Unfortunately, Suburbicon has no idea what kind of film it is. There are two stories taking place at once and they do not coexist well. Cuts between the two result in an odd tonal shift and the satirical nature of main plot doesn’t mesh with what’s going on in the secondary one. If the movie is trying to say something important, it fails at making that clear. Suburbicon does feature moments of genuine humor and that slick Coen Bros. writing that we know and love so well. In particular, the brief time that Oscar Isaac is on screen stands out. His charisma plays perfectly in the role this film calls for. I also rather enjoyed the twists and turns the story takes, and I probably would have responded positively to the ending if it hadn’t been ruined for me by the trailer. Why they chose to show us something in the trailer that would tip us off to the exact ending of the film 15 minutes before it happens is extremely frustrating. Maybe the studio just counts on us all having very bad memories? Regardless, it was a major mistake that negatively affected my viewing and response to the end.


The trailer for Suburbicon, sans extra story-line that didn’t fit in, is a tighter film than the finished product. Despite an incredible amount of star power attached to this project, it simply tries to be too many things at once and the result is a frustrating, confused mess. It’s not all bad, and sections of it show flashes of what could have been, but the finished (I use that word loosely) product is just not something worthy of being recommended.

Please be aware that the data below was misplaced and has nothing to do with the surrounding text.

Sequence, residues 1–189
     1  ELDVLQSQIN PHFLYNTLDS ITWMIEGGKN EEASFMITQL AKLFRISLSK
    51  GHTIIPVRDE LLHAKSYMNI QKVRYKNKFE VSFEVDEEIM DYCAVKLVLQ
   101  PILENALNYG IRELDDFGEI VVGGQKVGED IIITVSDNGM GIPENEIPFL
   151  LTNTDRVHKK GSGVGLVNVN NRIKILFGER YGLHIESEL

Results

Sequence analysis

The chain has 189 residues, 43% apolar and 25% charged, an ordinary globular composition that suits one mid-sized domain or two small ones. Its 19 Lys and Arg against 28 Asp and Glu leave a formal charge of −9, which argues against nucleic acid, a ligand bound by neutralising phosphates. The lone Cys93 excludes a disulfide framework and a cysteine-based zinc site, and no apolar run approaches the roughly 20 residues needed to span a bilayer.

Aaron White is a Seattle-based film critic and co-creator/co-host of the Feelin’ Film Podcast. He is also a member of the Seattle Film Critics Society. He writes reviews with a focus on how his expectations influenced his experience. Follow him on Facebook and Twitter to be notified when new content is posted.

What We Learned This Week: October 1-7

LESSON #1: THERE ARE LIKELY MORE SKELETONS IN MORE CLOSETS THAN WE WILL EVER KNOW— Last year, it was the allegations surrounding Casey Affleck.  Last week was the culmination of old indiscretions from Ain’t It Cool News and Alamo Drafthouse.  This week, it’s the unearthed disgusting behavior from mega-producer Harvey Weinstein.  I wish this story would be the last on the topic of unchecked sexual harassment, but I think any law of averages from any statistical measure will tell us this is the tip of an iceberg and not the finale.  I’ll repeat my plea from last week to remove the silence and dish out the overdue consequences.